Activated carbon is a porous material that removes organic compounds from liquids and gases in a process known as “Adsorption.” The extremely high surface area of activated carbon gives it the attractive, adsorptive properties to remove volatile organic compounds (or VOCs) from vapor or liquid streams. Activated carbon is produced by thermally decomposing organic or carbonaceous source materials – such as wood, coal, or coconut shells – in a controlled environment. The finished product has an extremely high surface area and can be processed further into specific shapes or mesh sizes (e.g. pellets or granules at a 12 mesh size). Activated carbon can also be impregnated with additional adsorbates to enhance the adsorption of specific VOCs and organic compounds.

Activated carbon utilizes its extremely high surface area to remove contaminants in the process of physical adsorption. At the submicroscopic level, the surface of the carbon pores exerts attractive forces. For certain VOCs, the attractive force of the carbon surface is stronger than the attractive forces keeping them dissolved in the liquid solution or vapor stream. coconut shell activated carbon for Sale For these compounds, the VOC molecule adheres or sticks or “adsorbs” to the surface of the carbon, thereby removing them from the treated effluent stream. Compounds that are ideal for activated carbon adsorption tend to be organic and non-polar and have high molecular weights and boiling points.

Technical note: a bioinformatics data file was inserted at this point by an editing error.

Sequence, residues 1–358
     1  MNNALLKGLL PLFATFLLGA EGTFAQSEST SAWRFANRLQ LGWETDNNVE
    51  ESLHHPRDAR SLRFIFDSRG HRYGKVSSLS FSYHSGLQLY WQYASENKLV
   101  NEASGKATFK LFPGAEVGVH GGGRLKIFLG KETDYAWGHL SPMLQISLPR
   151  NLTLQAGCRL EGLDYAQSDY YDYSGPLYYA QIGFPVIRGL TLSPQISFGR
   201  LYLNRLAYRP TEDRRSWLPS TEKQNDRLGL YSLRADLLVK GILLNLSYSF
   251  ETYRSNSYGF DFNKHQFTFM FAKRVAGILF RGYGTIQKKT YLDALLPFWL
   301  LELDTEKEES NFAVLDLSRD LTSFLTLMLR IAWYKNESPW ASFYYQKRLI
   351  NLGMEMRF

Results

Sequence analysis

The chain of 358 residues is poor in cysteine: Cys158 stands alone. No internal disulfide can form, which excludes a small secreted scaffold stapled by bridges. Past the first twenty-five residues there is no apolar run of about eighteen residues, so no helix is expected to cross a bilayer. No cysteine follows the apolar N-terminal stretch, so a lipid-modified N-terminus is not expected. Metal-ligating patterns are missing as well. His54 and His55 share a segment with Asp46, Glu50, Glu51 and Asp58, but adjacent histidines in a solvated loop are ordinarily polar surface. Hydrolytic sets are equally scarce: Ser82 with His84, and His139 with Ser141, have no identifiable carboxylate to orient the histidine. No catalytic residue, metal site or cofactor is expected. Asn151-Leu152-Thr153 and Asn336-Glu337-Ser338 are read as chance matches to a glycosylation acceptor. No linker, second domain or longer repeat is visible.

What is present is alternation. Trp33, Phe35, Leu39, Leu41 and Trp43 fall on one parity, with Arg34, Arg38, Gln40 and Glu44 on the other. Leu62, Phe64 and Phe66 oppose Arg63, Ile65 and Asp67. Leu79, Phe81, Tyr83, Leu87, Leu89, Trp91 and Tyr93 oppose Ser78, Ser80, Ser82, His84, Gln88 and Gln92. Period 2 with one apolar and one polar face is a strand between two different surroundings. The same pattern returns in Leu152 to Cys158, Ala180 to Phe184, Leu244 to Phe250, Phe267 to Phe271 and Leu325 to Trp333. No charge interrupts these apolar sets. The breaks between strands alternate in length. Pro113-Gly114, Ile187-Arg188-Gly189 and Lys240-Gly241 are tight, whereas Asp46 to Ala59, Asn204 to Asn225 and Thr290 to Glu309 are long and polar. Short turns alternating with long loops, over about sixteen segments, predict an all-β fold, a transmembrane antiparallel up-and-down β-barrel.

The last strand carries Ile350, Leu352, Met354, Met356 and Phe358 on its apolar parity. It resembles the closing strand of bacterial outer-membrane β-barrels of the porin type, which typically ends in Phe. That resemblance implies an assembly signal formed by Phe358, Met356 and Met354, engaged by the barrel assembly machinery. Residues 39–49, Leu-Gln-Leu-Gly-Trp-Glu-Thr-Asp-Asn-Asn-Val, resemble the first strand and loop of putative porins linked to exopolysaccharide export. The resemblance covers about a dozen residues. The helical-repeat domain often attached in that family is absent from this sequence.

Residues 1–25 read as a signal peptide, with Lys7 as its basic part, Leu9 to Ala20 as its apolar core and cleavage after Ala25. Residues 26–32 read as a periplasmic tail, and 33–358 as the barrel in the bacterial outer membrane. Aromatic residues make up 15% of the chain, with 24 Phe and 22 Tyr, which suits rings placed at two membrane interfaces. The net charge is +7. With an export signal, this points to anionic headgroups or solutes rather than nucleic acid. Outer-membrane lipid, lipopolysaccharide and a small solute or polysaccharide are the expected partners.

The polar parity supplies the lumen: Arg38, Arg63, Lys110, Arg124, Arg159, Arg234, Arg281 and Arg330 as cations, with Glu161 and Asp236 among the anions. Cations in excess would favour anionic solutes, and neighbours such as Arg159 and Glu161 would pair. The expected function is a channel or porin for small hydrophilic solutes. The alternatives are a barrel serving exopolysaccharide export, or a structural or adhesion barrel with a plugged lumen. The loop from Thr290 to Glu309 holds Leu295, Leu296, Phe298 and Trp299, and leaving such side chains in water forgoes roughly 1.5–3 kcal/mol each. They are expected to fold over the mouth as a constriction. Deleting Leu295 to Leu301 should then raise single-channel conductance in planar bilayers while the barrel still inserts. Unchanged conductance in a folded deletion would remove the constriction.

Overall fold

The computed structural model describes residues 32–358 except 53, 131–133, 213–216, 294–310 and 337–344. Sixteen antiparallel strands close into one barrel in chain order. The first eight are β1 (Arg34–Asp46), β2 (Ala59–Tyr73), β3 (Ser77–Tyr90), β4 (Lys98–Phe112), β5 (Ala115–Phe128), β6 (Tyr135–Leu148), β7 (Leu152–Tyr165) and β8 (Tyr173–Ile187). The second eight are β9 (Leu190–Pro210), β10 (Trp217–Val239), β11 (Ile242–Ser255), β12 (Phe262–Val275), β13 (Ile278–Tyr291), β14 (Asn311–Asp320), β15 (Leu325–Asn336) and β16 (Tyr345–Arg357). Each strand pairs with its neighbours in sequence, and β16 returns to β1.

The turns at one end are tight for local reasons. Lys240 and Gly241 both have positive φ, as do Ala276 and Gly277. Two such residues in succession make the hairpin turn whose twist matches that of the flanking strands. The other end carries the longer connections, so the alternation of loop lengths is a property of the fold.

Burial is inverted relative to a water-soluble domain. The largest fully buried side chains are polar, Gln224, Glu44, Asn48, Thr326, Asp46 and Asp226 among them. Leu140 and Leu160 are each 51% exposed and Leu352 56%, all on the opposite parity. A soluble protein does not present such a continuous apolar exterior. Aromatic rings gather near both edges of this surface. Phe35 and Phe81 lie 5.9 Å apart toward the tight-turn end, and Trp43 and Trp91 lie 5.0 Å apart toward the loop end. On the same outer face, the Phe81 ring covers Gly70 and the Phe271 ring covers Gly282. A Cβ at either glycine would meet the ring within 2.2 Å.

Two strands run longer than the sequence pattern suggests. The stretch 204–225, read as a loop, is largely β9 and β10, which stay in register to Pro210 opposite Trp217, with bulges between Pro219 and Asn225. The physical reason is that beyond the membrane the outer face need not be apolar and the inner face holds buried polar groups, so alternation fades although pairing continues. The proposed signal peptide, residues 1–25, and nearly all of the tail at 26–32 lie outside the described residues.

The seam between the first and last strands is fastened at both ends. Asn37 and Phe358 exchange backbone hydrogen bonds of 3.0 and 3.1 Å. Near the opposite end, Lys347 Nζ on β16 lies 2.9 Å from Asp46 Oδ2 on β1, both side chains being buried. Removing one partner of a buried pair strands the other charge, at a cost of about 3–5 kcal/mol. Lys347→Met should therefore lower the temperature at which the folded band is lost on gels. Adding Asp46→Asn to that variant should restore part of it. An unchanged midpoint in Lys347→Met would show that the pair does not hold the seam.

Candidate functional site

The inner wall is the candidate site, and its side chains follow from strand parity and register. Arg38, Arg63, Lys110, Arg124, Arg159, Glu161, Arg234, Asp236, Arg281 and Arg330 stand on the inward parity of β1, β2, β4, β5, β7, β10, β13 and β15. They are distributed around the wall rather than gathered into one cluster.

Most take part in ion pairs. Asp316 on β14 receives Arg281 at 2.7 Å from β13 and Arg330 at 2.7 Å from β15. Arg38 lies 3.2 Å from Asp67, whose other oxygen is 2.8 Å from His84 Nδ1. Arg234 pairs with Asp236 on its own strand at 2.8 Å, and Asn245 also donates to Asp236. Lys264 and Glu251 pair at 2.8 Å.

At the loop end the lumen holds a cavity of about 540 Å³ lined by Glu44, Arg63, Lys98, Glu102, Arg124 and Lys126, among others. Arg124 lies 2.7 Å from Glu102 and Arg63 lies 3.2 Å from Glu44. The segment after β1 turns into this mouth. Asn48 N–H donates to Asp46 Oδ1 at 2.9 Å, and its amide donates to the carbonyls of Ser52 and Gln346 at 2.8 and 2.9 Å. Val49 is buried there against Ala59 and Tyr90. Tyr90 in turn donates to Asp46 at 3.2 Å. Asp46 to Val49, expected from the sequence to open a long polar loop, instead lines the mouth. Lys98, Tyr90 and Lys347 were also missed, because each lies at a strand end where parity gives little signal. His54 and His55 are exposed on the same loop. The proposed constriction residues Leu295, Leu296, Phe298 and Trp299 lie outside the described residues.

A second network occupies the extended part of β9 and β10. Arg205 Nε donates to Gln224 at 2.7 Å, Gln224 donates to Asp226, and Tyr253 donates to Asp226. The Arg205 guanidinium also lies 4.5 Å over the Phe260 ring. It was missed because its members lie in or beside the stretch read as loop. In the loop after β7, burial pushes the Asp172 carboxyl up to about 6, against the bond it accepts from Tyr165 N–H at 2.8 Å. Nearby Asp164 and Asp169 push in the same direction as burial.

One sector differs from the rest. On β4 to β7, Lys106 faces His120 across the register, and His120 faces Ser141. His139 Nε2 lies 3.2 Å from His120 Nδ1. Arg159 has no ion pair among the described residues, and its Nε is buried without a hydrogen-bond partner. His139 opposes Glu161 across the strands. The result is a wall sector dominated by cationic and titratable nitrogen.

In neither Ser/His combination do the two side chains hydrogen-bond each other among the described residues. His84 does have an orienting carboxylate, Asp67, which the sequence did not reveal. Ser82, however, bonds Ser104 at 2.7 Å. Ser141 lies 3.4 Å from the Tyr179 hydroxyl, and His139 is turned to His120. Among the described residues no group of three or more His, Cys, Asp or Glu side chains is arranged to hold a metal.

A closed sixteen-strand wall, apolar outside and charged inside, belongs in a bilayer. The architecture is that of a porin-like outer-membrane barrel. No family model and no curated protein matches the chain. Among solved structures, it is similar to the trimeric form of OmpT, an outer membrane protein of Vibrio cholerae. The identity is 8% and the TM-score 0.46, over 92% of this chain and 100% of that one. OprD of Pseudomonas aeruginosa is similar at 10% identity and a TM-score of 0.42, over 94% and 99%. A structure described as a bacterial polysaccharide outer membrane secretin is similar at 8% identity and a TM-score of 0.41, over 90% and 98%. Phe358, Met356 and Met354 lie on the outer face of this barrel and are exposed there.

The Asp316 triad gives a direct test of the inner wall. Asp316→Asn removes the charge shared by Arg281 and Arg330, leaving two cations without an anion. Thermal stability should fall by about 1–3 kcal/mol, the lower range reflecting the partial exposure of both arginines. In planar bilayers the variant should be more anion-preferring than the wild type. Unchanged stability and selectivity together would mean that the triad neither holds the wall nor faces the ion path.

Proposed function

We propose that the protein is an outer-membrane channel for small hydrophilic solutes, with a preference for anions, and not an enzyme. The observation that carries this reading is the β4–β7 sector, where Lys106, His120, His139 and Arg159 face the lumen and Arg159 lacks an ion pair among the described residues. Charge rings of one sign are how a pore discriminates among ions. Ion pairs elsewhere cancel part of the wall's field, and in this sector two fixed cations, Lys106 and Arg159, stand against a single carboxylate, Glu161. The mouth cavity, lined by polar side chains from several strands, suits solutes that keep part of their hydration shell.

An adsorber is a container or module containing activated carbon to remove contaminants from the process stream. Activated carbon adsorbents are effective in industrial applications such as steam emission control and deodorant. In the adsorber, the waste stream is injected into the container with excellent flow distribution and minimum pressure drop. In the carbon bed, VOCs (such as benzene or trichloroethylene) are captured and absorbed into the pores of the activated carbon. Finally, the treated sewage flows out of the adsorber, which meets the environmental requirements and reduces the discharge.

Activated carbon can reach the high removal efficiency of VOC until it reaches its service life and makes a breakthrough. In the penetration process, the activated carbon will no longer absorb organic matter, so it is necessary to remove the waste carbon and replenish the fresh carbon.

After reaching the adsorption capacity of carbon, the waste carbon must be removed from the adsorber and then filled with fresh carbon. Waste carbon can be disposed of or reactivated. Reactivation can recover and reuse waste carbon.


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